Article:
Yugen Blakrok released her debut album Return of the Astrogoth in 2013, and cemented her spot as one of the most potent lyricists in South Africa. She drops knowledge, making use of esoteric metaphors and similes that reveal a well-read writer and an artist who is comfortable in her own skin. Her flow is butter, and sits over a highly-textured beats courtesy of her producer Kanif The Jhatmaster.

Babes Wodumo

Babes Wodumo is the self-crowned 'Queen of Gqom.' She has been a staple in the gqom music scene since she released her single "Wololo" in 2016, which was off of her debut album Gqom Queen Vol. 1. The artist has since released more hits such as "Mercedes," "Jiva Phez Kombhede," "Ganda Ganda," and a few more. She's also appeared on "Tsege Tsege" by Big Nuz, "Shut Up and Grove" by Distruction Boyz.

Babes' personality and dance moves have made her a favorite among South Africans. And her insistence to doing interviews in IsiZulu, which is a revolutionary act of some sort, makes Babes a leader of some sort.

Featured
Courtesy of the artist

Meet Musa Okwonga, Poet, Musician and Activist Standing Up Against Xenophobia One Line At A Time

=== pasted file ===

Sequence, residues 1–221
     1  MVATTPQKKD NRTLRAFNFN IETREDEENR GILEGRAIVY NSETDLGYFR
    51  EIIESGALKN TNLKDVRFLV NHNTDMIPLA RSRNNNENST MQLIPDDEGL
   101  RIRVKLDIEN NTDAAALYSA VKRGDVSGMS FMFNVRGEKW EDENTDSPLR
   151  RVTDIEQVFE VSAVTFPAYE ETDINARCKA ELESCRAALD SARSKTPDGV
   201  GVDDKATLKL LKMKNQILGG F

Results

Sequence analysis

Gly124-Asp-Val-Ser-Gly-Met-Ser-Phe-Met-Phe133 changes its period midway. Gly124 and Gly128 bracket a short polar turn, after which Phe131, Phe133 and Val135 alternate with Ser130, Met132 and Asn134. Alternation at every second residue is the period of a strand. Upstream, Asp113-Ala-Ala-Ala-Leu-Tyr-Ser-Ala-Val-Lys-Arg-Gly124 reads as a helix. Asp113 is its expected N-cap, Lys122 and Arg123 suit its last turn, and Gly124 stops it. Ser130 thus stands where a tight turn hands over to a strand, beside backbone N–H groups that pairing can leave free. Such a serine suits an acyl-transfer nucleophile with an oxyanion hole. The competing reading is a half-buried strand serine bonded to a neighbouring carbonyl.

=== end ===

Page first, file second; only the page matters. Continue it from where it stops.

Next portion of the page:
We talk to the artist about leaving London, being a migrant and resisting Germany's resurgent fascist movement.

A German TV channel recently announced a TV debate on whether Germans should still be allowed to say the N-word.

One of the announced panelists was Frauke Petry, the former leader of the AfD—a German far-right party that recently got 14 percent of the vote in local elections. Petry openly called for the return of Nazi-era terminology in public. This issue might have remained hidden for anglophones if it wasn't for the British writer, poet and activist Musa Okwonga who called out the TV channel on his Twitter account. Eventually, they cancelled the show.

Keep reading... Show less
Sports
Via CONIFA

At This World Cup, Players Risk Imprisonment to Compete

What you need to know about the CONIFA World Cup, the football tournament for breakaway nations.

The ConIFA World Cup, the global football tournament for unrecognized nations, and football associations not affiliated to FIFA, is about to begin its third edition. The championship will kickoff on 31 May in Sutton, Greater London, where the Barawa FA team will act as host.